Gatherings on the Politics of Listening conference (Anthea Garman, 5/12/18)

Listening is:

  • doing

  • response-ability

  • accountable

  • names a relationship

  • always relational

  • intersubjective – listening with/to/for

  • recognition

  • a hopeful practice

  • a micropolitics

  • experiential learning

  • situated

  • embodied

  • marked

  • placed

  • embedded

  • a politics of solidarity

  • a politics of activism

  • a politics of decolonisation

  • really messy on the ground

  • a prefigurative politics, utopian and hopeful

  • material

  • refusal to accept dominant ways of understanding

Listening must move away from individualistic, interpersonal, active listening to different types of relationality and action.

Listening centres indigenous sovereignty and challenges epistemic violence. Listening shows up multiple oppressions and where they intersect.

We cannot be in control of the conditions of our own audibility. Hearing too much is a condition of listening. Shallow listening allows us to listen wide rather than deep.

Listening has an accent.

Listening has an architecture.

Listening has an intention.

Listening takes on the power of the semantic over the vocal.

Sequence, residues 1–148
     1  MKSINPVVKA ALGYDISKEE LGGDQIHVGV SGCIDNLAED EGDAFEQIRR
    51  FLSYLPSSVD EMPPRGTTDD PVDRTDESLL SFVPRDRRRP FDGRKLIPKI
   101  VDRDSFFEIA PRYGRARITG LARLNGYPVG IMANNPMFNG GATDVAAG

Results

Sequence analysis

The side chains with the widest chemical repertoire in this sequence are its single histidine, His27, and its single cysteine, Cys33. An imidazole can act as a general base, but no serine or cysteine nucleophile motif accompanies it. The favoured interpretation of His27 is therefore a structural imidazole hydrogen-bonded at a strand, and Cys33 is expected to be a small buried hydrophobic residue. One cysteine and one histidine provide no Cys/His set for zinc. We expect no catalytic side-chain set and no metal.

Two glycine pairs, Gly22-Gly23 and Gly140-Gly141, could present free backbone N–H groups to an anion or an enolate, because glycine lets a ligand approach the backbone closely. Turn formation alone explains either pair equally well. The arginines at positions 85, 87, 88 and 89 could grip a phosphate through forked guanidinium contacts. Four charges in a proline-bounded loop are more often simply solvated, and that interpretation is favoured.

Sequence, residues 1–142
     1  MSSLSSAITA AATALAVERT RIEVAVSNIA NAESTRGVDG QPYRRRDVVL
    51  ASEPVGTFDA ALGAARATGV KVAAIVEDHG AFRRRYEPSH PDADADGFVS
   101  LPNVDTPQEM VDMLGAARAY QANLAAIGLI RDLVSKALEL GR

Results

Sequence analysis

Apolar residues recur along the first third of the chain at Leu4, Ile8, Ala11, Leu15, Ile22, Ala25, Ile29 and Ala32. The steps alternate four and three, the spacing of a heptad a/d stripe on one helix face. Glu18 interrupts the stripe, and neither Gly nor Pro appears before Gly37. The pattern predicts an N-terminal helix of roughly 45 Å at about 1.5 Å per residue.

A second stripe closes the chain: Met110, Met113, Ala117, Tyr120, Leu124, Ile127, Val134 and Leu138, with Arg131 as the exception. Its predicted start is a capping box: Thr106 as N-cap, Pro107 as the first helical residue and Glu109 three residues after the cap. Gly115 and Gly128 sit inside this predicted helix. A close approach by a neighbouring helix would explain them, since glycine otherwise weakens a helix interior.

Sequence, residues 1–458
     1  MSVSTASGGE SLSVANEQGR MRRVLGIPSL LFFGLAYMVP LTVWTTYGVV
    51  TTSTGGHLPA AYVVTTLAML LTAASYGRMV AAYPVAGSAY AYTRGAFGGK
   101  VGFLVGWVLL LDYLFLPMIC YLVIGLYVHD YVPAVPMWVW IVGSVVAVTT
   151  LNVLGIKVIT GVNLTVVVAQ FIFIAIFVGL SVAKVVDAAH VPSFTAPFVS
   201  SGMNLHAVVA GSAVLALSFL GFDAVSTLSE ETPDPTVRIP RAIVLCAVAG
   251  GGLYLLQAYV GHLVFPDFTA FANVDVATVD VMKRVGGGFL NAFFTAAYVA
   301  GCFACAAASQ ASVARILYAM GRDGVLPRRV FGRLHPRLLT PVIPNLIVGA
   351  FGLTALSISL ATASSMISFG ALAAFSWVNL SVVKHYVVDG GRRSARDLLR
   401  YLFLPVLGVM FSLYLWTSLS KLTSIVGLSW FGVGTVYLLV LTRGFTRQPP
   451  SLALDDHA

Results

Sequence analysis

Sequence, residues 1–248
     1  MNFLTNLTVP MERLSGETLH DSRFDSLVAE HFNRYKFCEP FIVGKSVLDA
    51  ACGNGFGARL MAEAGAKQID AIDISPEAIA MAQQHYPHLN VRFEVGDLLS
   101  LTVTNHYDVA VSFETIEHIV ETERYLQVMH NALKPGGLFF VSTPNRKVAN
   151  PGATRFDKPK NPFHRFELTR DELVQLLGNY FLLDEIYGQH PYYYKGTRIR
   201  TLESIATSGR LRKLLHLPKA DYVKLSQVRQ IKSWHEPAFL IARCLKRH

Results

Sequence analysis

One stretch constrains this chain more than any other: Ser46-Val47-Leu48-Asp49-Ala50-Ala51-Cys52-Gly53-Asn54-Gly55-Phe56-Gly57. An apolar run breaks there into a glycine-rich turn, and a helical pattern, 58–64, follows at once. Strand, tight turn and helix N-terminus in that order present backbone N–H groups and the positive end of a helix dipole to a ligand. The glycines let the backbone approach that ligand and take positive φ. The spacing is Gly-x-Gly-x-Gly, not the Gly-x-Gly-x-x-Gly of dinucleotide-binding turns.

Listening foregrounds the materiality of the voice, voice is the cypher of the unique knower.

Listening can pivot a learner to a knower.

Listening can hear dissonance and discord.

Listening is more than the monologic of telling story/testimony which can be the domestication of listening. Listening is more than a service to voice or a path to speaking. Control of the narrative makes certain stories inaudible and intelligible.

Listening takes on the compulsion to narrative and claim attention.

The unheard are the socially abject. There are hierarchies of audibility and knowability. Listening centres the socially abject as knowers and agents.

Listening can happen in spaces of articulacy and inarticulacy. Silence is generative but needs labour.

Listening has care at the centre.

Listening needs time.

Listening needs continuity.

To listen is to be affected.

Listening opens up the potency of being with otherness.

Listening has consequences.

Listening can be used:

  • to create sentimental stories with a predictable narrative

  • to recentre whiteness

  • to recentre Christianity

  • to recentre privilege

  • as surveillance

  • as a governmentality

  • to foster neoliberal subjectivity

  • to centre the listener as a saviour

Listening should resist general theory, give up mastery, be rooted in humility, courage and hope.

Listening theory has a high normative threshold.

What comes before listening? Gather yourself first and know who you are before you step into the place of listening. Be together first before declaring yourself.


The how of listening matters as much if not more. Listen to learn our place.

The questions that should be asked:

  • Who invites?

  • Who hosts?

  • Who intervenes?

  • Who curates?

  • Who welcomes?